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The Failed Brilliance of Remuneration Trusts and the Costs of Misplaced Genius

By admin
24 Nov 2023
Tax Investigation

Tax Schemes – Remuneration Trust Too Good to Be True

The marketing material was oddly cheap looking and didn’t convey a feeling of professionalism. The individual’s name that sits within the design of the Remuneration Trust doesn’t have an impeccable professional track record although arrogance alleges superiority. If the legal genius behind the remuneration trust were so brilliant, why has it failed, and I don’t mean a little failure but a damning failure? 

Thankfully, the same geniuses who also created a sunny solution to the loan charge have also created a supernova of an idea – a trust that resets itself if and when challenged. This brilliance is far beyond the capabilities of most solicitors, accountants and tax advisers. In fact, its apparently completely baffled HMRC. The cynic in me thinks the so-called solution was another attempt to rape poor unsuspecting clients of more fees. The reason why: having now worked a lot of RT cases, it appears to me the persons implementing the ‘planning’ were incompetent at the simplest of tasks and that would imply the so-called brilliance and technical genius responsible for the design may also be, well, debatable! 

If someone holds themselves out to be a genius with confidence and continually over a long period of time, does that make them a genius? For example, a professional could be disqualified, bankrupt, see cases lost at Tribunal but if that professional maintains they are just too much of a genius, are they? Really? Maybe a genius of a professional adviser is someone who diligently sets out the positives of an idea and perceives the risks conveying them to a client. The client then walks into any proposed planning informed and aware of what they are doing. Most of those met using the remuneration trust didn’t actually realise it was a trust for ‘suppliers’ etc.  

Some of those within the ‘network’ promoting the remuneration trust also became seemingly fee greedy. Fees were high anyway, for example some basic rate (20%) taxpayers suffered fees of 10% upon doing the planning so a net saving of 10% if the planning had worked. The reality is that those individuals will likely have to settle with HMRC despite any genius supernova ideas. The tax and interest accumulate and the debt to HMRC in many cases won’t be affordable or will cause severe financial restriction for a number of years or into retirement.

The network found innovative ways of charging more fees, for example administering the paperwork, white labelling the product and handling HMRC enquiries. Seems great until you realise that the administration was shoddy, the white label product set up wrong and the responses to HMRC weren’t with the intention to solve the issue but to keep them at bay whilst the facilitators earned more. 

The professional responsibility to a client seems to have been ignored. Instead, apparently HMRC has changed direction – the remuneration trust always worked and was accepted but now HMRC doesn’t like them. This may be easier to believe than the truth – it didn’t work from a tax perspective because its motive was avoidance of tax (and not asset protection) and legally, what a stupid structure to set up for asset protection – a trust for suppliers.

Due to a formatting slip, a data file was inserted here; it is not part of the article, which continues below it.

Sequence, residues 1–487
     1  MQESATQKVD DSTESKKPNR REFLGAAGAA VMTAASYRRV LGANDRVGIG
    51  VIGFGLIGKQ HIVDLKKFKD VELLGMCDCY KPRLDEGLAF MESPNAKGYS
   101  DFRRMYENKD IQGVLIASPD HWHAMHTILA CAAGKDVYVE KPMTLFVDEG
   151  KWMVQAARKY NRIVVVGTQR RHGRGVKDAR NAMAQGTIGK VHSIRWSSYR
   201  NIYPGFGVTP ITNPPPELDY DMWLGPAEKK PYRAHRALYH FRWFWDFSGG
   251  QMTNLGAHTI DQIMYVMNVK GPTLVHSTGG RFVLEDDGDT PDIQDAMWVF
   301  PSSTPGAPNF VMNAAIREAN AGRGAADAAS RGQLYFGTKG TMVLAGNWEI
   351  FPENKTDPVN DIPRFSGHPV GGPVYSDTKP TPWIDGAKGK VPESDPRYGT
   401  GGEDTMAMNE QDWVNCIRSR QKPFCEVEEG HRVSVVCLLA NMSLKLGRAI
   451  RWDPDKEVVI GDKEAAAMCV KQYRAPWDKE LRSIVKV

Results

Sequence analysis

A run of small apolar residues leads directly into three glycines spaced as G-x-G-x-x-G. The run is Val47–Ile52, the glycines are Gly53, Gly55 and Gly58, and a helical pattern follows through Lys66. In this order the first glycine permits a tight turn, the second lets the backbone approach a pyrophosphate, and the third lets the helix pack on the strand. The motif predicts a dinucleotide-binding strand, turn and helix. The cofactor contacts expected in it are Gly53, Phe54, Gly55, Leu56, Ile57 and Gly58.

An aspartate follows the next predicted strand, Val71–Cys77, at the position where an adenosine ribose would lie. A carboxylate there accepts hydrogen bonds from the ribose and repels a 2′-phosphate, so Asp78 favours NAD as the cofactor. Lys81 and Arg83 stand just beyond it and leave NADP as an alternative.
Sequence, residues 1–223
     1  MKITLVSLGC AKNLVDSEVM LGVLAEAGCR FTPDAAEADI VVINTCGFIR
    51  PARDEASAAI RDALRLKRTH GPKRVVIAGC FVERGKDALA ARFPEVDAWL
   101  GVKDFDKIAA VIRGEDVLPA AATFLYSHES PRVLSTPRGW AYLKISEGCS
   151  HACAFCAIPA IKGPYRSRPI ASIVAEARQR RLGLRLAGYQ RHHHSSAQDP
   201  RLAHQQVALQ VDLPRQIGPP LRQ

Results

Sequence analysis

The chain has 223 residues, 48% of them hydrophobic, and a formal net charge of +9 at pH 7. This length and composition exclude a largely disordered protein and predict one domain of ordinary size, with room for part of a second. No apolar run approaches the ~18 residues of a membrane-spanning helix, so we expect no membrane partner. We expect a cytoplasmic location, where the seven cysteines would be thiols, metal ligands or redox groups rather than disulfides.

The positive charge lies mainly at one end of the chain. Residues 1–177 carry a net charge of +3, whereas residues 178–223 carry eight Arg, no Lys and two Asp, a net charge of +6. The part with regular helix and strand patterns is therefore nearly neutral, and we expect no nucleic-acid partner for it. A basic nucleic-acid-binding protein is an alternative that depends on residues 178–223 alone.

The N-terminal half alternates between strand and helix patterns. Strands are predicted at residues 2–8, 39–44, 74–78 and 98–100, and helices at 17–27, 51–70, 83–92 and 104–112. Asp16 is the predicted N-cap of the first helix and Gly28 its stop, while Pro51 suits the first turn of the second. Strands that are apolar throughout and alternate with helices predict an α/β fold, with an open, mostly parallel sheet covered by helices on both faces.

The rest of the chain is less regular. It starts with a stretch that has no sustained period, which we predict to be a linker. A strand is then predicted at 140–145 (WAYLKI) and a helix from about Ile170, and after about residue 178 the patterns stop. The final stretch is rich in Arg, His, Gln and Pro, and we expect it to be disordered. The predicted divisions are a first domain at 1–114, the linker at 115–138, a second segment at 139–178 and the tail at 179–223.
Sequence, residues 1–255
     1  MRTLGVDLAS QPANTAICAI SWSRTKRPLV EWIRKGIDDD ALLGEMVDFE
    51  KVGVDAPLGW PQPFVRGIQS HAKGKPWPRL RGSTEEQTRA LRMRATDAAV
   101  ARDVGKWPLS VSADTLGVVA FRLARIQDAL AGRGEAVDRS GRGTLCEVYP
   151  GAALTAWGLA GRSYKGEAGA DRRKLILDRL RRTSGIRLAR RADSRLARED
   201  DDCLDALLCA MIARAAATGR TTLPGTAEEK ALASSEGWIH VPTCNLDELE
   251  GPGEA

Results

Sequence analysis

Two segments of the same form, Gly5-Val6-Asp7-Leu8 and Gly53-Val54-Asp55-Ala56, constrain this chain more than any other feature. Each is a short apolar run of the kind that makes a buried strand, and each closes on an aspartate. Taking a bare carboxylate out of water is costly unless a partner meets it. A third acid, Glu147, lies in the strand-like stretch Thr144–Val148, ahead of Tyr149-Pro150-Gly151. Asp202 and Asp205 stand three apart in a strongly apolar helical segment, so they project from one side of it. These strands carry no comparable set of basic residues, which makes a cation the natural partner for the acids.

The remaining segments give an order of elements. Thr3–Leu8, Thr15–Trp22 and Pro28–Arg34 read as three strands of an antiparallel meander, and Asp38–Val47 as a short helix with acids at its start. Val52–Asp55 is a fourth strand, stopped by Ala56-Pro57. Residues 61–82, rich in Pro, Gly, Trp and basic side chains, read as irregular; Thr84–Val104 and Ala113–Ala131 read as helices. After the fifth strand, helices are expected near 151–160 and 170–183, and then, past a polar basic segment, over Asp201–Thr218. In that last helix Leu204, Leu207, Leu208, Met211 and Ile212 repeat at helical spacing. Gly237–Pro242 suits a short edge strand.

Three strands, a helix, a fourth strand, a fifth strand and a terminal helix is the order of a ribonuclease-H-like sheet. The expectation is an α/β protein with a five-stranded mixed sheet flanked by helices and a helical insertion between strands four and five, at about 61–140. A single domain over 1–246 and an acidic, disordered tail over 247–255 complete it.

There may be some silver linings. As mentioned above, the geniuses appear to be particularly poor at implementation. With so many solicitors and professionals involved, you would at least expect one of them to check how a legal deed has to be legally entered. You might also expect it impossible for a dormant company to establish an umbrella arrangement. You may even be further surprised to know how many companies did not legally resolve to enter the arrangements or make contributions.  

What happens when the implementation of tax planning is not as intended? It will depend on the circumstances although a number of cases we have considered should get a lower tax outcome than the usually assessed PAYE liabilities. To some wanting to settle, this will be good news. 

A number won’t want to settle with HMRC especially with the hope of an automatically resetting trust. An interesting point is that all the material seen in relation to the wonder trust doesn’t appear to detail why a tax charge doesn’t arise. If the trust is set up with the intention of avoiding tax and a means of remunerating a person, it will have to reset itself so as to meet its purpose. A number of these trusts will therefore be in limbo forever because the inevitable purpose was to remunerate.

However, if that was the purpose, the client misled the adviser because the client also had to state the intended purpose was not for avoiding tax. It is truly genius – earn fees at the detriment of your client and cover your ass at the same time.  

The likely end will be taxpayers having to settle liabilities and the responsible persons not being accountable for abusing a trusted relationship. The smart users of the remuneration trust will approach HMRC. The users that can ill afford the tax, will likely keep quiet. The facilitators will face challenges that will likely come to nothing.  

Now remember, seek proper advice. 

If you’re worried about becoming involved in a tax avoidance scheme, or think you’re already involved and want to get out of one, reach out to a member of the team today

If you’re using a remuneration trust or similar schemes or arrangements, HMRC strongly advises you to withdraw from it and settle your tax affairs.

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This article is written by remuneration trust specialist Anton Lane

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